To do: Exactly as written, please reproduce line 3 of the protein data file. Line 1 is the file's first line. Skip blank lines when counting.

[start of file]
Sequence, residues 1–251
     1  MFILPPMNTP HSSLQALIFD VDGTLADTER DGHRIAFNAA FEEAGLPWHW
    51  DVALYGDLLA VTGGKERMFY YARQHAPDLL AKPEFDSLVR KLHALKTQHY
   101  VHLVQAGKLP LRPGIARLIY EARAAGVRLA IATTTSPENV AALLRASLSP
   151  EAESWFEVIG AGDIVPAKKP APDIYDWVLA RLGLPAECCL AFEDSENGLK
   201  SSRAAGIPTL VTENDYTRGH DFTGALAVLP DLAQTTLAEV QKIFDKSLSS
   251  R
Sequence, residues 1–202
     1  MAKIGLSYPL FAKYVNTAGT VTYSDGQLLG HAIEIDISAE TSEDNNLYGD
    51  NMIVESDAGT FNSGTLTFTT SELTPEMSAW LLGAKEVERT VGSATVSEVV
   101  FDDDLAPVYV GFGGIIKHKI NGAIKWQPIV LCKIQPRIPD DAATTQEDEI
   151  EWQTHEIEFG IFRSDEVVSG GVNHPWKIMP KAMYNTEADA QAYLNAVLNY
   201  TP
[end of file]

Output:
    51  DVALYGDLLA VTGGKERMFY YARQHAPDLL AKPEFDSLVR KLHALKTQHY